Source: http://www.aspca.org/pet-care/cat-care/feeding-older-cats

Is Your Cat Missing the Litter Box?

You have a problem. Your cat is thinking outside the box, and not in a good way. You may be wondering what you did to inspire so much “creative expression.” Is your cat punishing you? Is Fluffy just “bad”? No, and no. House soiling and missing the litter box is a sign that your cat needs some help.

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According to the Winn Feline Foundation, house soiling is the number one complaint among cat owners. The good news is that it is very treatable.

An accredited veterinarian can help you determine if the problem is medical or related to social or environmental stressors. In addition to a complete physical exam, the doctor will ask you specific “where and when” questions.

Health factors
Tony Buffington, DVM, PhD, a specialist in feline urinary disorders at The Ohio State University, and founder of the Indoor Cat Initiative says that many veterinarians recommend a urine test for every cat with a house soiling problem. The urinalysis will determine if blood, bacteria, or urinary crystals are present — signs that your cat might have feline lower urinary tract disease (FLUTD).
FLUTD is very common and can cause painful urination. Cats that begin to associate the litter box with pain will avoid it. Other medical possibilities include hyperthyroidism, kidney disease, diabetes, and arthritis and muscle or nerve disorders that might prevent your cat from getting to the litter box in time.

Environmental factors
If there is no medical cause, the next step is to look at environmental factors. Start with the litter box. Your cat might be avoiding the litter box because it is not cleaned well enough, you’ve changed the type of litter you use, or there is only one box for multiple cats.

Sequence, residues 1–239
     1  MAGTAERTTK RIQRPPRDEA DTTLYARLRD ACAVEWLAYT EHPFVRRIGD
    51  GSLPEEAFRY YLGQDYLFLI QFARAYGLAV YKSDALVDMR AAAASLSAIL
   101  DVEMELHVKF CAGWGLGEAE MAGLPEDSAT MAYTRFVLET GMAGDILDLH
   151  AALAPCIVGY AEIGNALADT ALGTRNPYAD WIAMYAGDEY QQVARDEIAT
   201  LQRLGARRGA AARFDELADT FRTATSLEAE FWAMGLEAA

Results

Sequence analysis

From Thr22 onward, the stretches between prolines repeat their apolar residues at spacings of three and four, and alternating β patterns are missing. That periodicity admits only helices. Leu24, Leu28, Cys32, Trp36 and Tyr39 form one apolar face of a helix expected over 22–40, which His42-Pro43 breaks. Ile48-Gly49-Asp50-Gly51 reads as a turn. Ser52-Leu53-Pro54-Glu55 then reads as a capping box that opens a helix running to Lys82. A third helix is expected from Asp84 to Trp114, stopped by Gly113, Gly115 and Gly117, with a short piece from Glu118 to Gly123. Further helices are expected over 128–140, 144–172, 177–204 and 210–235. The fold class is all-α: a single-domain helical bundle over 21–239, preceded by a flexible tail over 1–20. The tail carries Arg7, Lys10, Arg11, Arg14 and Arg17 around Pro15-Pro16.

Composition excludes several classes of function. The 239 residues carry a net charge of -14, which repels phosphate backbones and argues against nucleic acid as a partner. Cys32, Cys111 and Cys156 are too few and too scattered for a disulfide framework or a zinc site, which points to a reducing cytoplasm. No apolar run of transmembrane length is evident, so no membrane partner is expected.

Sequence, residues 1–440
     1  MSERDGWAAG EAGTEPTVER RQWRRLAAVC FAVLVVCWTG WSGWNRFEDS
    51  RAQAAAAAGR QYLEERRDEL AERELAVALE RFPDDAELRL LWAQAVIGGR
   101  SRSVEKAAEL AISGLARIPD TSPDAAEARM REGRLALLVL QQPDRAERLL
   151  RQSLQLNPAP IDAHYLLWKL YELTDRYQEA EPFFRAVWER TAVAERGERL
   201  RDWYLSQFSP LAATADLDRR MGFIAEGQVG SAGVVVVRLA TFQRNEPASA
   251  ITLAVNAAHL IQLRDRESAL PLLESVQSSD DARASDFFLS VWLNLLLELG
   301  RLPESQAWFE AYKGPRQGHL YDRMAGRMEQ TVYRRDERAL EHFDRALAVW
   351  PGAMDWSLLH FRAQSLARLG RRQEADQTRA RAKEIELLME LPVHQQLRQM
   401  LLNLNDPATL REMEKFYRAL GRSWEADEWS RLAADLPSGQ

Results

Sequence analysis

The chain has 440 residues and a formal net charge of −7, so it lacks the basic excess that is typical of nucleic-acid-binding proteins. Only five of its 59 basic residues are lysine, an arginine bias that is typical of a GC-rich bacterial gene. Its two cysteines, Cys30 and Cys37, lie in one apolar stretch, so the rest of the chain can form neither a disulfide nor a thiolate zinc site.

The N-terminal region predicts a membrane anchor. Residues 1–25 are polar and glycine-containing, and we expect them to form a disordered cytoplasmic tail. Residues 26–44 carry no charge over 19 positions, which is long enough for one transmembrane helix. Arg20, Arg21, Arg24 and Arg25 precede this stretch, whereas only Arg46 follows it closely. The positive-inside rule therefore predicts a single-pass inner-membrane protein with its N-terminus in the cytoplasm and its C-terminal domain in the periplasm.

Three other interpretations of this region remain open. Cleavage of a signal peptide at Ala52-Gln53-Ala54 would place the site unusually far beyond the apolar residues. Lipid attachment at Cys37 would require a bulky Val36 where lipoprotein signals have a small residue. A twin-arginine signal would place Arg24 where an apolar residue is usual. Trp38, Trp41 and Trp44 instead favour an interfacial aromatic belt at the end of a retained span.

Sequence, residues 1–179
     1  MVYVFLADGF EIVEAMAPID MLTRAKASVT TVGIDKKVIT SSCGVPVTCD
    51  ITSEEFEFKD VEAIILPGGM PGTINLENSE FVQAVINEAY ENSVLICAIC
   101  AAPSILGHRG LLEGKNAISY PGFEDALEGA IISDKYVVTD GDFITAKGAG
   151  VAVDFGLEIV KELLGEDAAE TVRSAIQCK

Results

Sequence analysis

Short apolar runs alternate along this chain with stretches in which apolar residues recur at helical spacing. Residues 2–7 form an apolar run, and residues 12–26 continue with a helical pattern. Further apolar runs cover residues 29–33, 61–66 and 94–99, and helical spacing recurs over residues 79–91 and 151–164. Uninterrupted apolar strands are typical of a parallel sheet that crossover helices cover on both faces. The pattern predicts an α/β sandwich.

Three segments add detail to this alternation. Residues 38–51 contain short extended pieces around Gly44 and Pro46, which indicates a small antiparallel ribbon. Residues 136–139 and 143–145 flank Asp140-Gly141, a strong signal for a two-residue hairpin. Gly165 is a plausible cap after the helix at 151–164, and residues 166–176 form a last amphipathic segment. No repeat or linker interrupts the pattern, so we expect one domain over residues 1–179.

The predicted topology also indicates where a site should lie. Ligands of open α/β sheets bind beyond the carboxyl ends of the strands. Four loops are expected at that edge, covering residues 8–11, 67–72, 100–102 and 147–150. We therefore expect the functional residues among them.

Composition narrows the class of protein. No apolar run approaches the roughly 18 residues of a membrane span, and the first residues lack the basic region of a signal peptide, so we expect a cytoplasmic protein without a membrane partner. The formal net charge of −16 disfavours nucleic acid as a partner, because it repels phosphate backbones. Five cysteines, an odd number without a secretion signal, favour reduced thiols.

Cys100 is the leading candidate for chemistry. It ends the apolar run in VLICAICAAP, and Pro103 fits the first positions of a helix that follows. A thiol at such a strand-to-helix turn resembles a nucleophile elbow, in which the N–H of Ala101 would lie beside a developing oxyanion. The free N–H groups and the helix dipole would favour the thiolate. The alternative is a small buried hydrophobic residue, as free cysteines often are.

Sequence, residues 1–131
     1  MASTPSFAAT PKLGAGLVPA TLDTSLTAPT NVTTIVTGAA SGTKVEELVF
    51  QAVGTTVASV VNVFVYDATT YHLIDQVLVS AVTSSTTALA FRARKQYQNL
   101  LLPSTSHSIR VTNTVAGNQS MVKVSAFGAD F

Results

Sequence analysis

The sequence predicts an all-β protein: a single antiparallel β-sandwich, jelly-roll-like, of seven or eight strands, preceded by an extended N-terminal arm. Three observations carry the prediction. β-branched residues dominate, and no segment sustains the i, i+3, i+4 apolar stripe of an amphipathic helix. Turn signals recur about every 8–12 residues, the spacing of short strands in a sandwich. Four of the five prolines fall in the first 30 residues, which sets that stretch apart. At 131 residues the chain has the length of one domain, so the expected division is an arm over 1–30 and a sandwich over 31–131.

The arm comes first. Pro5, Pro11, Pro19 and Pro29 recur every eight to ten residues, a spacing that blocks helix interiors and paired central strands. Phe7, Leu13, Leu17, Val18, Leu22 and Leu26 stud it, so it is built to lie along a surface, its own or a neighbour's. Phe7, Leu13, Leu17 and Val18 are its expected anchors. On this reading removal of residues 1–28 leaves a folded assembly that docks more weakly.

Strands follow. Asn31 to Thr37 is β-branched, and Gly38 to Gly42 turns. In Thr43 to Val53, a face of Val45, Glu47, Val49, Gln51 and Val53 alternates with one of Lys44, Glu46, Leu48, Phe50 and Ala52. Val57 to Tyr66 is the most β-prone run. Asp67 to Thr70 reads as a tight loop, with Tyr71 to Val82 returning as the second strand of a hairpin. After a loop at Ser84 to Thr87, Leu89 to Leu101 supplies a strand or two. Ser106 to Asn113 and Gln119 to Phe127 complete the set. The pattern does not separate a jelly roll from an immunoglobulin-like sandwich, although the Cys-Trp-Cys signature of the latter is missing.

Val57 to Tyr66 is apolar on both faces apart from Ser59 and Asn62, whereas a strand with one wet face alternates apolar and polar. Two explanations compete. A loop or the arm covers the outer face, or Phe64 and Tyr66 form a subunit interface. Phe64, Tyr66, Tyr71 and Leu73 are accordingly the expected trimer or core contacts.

Another possibility is that your cat is “marking” — spraying urine, typically on vertical objects such as walls and furniture, or in “socially significant” areas near doors or windows. Both male and female cats mark. The most common offenders are cats that have not been spayed or neutered.
Buffington says that stress can cause elimination problems too. For example, subtle aggression or harassment by other house cats or neighborhood cats may be an issue.

Indoor Cat Initiative
Even unremarkable changes in your home can make your cat anxious or fearful. Look around. Did anything change right before your cat started having problems? Did you get a new pet? A new couch? Maybe you just moved the old couch to a different part of the room, or had a dinner party. Cats are sensitive creatures and changes that seem small to you can throw your cat off his game. Check with your veterinarian about finding solutions that work for both you and your cat.

Source: http://www.aaha.org/pet_owner/pet_health_library/cat_care/behavior/missing_the_litter_box.aspx 

Hurricane Season Checklist for Your Cat

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Let The Cat Practice help you prepare your cat for a safe and smooth evacuation.

  • Is your cat current on his/her vaccinations? 
  • Is your cat microchipped and have current photo identification?
  • Do you have medication for travel?
  • Do you have enough medication and special food for extended evacuation?
  • Do you have heart worm and flea prevention for an extended evacuation?
  • Do you have enough food, water, bowls, litter boxes and litter for an extended evacuation?
  • Does your cat have a carrier?
  • Do you have an evacuation route planned?
  • Are you aware of the pet friendly hotels for evacuation? www.officialpethotels.com

Sign up for our internet based information system, Pet Portal, which is customizes for your cat. This free service has all of the pertinent medical information needed for your pet. You will receive an invite for Pet Portal via email.

Caring for pets during emergencies

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Nothing says it better than the horror story from Hurricane Floyd: A man was leaving his flooded home when he noticed a neighbor’s dogs swimming in circles around the yard. Wondering why the dogs didn’t simply swim to safety, the man swam over to investigate. To his horror, he found that the dogs had been left chained to a stake in the yard and were swimming frantically just to stay alive. He was able to rescue the dogs, but stories such as this pointedly demonstrate the need for to you to have a good action plan in place in case a natural disaster strikes your home. In this case, the dogs’ owner most likely had been told to leave everything behind and flee as quickly as possible. Unfortunately, his dogs nearly lost their lives as a result.

In the event of an emergency, your life and your family’s lives are the first you should be concerned with. You should only look to save your animals once you are sure you and your family will be safe. But once you are safe, you most likely will want to ensure the safety of your pets. Are you prepared?

Consider your location